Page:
What makes it Christmas Waldorf salad? Why, the addition of bright red dried cranberries, of course. They contribute not only a tart flavor but also a pleasantly chewy element. What’s more, the salad couldn’t be easier to make, leaving you plenty of time to concentrate on your other, more complicated recipes — your turduckens, boeuf en croutes, crown lamb roasts and deep-fried geese, or whatever your traditional entrée may be. This recipe makes enough to feed a hungry holiday crowd.

Get out a big serving bowl. Chop up three large, firm, sweet apples such as Fuji (you’ll want to avoid McIntosh, Gala and Red Delicious, which can be soft and somewhat mealy) into 1-inch chunks. Slice red grapes in half, enough to generously fill one cup. Slice green grapes in half, enough to generously fill 1 cup. Slice enough celery to fill 1 cup. Toast 1 cup of walnut pieces by turning a pan on medium-high and stirring with 1-2 teaspoons butter and a teaspoon of brown sugar. Add walnuts to fruit, along with 1 cup dried cranberries. Orange-infused Craisins are quite nice, if you can find them.

Next, drop in ¹/3 cup mayonnaise and ¹/3 cup plain Greek yogurt. The yogurt is not a “classic” ingredient, but I like it because it adds a little tang to the richness of the mayonnaise. Add ¼ teaspoon salt and a tablespoon of fresh orange zest. You wouldn’t believe what a difference that orange zest makes; it takes the salad to a wholly superior level of yumminess. But why stop there? Add 2 or 3 dashes of powdered ginger (completely optional for all you ginger-haters out there). Last but not least, if you’d like your Waldorf salad to teeter over the edge into sweetness, stir in a teaspoon or two of brown sugar. The apples, grapes and walnuts are already sweet, so you might decide to simply let them shine without the additional sugar (and of course you can skip toasting your walnuts in sugar, too).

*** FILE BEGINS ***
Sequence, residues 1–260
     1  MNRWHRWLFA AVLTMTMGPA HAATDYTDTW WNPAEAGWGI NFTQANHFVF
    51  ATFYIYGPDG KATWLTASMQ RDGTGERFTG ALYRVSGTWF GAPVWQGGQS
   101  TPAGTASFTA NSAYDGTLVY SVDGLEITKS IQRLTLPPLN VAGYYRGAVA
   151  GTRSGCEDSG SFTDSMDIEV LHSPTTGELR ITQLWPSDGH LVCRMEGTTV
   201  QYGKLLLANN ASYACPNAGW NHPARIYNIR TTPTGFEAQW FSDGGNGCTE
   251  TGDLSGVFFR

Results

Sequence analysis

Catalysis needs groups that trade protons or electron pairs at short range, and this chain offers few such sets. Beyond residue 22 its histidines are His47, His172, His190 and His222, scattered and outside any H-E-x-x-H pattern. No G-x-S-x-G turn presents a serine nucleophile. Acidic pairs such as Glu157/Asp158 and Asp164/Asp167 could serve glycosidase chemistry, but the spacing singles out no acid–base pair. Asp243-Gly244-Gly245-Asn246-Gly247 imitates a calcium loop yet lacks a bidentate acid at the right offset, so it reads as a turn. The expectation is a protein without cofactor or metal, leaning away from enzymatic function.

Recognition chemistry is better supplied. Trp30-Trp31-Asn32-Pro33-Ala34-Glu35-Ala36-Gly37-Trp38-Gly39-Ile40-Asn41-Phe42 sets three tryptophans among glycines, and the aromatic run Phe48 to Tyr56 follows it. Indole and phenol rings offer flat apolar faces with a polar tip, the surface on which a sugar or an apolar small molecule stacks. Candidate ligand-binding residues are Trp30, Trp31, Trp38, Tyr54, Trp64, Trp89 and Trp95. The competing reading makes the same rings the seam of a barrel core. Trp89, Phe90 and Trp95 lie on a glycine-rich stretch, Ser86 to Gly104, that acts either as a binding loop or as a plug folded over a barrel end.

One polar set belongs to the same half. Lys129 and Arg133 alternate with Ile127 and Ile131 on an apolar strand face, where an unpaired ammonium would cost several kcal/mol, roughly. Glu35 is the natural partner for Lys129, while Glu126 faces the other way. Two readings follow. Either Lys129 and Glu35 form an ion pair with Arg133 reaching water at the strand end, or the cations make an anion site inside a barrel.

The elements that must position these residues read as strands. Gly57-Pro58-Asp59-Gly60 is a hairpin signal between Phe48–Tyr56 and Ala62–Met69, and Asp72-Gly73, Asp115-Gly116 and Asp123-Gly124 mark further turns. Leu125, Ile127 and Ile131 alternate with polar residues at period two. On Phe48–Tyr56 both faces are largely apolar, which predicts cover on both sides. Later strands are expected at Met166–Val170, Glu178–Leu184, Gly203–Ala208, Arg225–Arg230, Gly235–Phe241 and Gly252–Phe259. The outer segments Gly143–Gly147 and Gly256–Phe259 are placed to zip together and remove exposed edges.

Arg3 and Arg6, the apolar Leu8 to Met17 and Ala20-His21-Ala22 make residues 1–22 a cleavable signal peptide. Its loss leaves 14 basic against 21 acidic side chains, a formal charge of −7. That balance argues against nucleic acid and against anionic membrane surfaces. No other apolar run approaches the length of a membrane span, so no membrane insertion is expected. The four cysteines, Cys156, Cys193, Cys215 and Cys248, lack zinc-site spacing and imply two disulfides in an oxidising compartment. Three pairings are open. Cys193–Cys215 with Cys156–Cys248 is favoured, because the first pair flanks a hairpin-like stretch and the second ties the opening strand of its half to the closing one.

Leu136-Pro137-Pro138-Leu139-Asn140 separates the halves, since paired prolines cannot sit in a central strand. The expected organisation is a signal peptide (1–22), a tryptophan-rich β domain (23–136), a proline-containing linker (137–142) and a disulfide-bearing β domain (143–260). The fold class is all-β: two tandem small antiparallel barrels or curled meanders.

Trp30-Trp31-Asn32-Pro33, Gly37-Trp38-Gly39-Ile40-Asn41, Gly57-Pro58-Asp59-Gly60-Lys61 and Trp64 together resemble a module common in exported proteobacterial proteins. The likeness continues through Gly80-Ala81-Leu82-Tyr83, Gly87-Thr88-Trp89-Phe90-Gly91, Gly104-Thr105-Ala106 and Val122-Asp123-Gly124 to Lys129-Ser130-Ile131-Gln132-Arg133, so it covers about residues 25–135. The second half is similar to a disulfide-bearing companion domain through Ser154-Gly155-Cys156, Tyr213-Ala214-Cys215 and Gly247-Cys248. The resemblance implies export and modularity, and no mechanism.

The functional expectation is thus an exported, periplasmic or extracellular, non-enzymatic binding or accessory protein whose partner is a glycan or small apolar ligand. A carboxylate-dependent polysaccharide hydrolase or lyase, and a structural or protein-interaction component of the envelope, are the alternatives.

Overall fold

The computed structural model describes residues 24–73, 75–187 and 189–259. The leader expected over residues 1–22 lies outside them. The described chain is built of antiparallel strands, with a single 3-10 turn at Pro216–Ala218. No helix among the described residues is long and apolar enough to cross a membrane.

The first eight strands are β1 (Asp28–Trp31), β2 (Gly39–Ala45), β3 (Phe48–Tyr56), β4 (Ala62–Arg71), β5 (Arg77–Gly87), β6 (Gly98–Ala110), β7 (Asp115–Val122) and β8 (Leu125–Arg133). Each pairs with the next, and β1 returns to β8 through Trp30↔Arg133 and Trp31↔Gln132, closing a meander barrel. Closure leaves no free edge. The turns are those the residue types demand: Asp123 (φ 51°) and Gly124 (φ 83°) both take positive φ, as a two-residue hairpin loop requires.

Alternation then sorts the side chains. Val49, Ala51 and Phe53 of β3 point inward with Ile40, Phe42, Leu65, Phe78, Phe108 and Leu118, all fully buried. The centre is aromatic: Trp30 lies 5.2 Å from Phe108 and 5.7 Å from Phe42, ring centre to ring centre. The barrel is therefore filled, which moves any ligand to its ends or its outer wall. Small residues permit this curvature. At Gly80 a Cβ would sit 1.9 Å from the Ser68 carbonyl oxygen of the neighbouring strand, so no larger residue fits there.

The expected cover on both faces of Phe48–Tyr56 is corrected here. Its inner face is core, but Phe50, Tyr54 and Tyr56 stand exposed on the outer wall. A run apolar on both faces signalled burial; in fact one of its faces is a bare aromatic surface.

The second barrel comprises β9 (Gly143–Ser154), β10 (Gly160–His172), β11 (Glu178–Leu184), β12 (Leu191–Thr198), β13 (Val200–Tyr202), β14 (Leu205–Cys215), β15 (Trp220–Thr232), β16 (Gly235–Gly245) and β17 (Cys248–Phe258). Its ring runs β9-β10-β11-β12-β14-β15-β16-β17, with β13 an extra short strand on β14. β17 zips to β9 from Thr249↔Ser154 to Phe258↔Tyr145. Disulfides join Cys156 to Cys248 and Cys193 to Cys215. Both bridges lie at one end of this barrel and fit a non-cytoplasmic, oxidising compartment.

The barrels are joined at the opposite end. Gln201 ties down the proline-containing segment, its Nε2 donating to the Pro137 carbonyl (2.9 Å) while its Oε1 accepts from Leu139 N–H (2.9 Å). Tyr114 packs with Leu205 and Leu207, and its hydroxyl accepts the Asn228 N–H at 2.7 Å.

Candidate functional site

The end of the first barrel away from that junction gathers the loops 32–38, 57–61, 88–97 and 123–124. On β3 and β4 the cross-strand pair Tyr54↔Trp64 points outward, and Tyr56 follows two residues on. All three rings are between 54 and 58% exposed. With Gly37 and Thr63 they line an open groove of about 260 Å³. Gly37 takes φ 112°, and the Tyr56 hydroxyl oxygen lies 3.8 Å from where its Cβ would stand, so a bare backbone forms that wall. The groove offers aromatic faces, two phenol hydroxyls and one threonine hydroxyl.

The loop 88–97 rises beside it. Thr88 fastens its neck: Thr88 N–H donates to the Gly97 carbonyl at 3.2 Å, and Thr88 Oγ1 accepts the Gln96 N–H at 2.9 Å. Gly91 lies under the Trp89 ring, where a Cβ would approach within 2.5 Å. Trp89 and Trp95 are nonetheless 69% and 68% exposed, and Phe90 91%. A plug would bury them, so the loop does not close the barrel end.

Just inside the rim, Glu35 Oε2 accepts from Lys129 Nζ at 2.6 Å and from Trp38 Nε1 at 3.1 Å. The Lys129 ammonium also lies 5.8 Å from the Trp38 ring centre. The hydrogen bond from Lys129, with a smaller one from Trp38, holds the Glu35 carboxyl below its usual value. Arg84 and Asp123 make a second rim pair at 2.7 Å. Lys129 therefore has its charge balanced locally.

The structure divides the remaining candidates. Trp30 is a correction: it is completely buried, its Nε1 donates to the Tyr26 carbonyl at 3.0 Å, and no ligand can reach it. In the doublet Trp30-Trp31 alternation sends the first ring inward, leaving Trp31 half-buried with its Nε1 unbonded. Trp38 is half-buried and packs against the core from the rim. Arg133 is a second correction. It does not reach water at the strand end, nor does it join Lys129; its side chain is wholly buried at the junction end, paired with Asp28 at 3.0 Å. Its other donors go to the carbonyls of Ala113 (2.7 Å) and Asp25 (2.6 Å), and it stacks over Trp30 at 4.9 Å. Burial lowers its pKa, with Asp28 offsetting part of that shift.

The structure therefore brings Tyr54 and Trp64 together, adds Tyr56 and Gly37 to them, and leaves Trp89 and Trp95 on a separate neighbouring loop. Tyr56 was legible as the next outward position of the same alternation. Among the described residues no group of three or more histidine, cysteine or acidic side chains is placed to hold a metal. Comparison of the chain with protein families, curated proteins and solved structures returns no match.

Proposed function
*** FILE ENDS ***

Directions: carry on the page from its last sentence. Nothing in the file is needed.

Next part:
I made this Waldorf salad for our office potluck, but before I put cling-wrap on the bowl, I sat down and ate a big serving all by myself. It tasted so delicious, with such contrasting textures and vibrant flavors. Why isn’t Waldorf salad always made with cranberries and orange zest? Why did I waste so much time hating this fantastic side dish? Somewhere out there, beyond space and time, Grandma is happily chuckling to herself. And probably chomping on a celery stick.

Monika Spykerman: 360-735-4556; monika.spykerman@columbian.com; instagram.com/monikasplayfulpantry/

Christmas Waldorf Salad

3 large, firm, sweet apples, such as Fuji

1 cup sliced celery

1 cup halved red grapes

1 cup halved green grapes

1 cup walnut pieces, pan-toasted with 1 teaspoon each butter and brown sugar

1 cup dried cranberries

1/3 cup mayonnaise

1/3 cup plain Greek yogurt

1/4 teaspoon salt

1 tablespoon fresh orange zest

2-3 dashes powdered ginger (optional)

1-2 teaspoons brown sugar (optional)

Mix all ingredients together in large bowl. Serve. Wait for compliments. Bask in glory.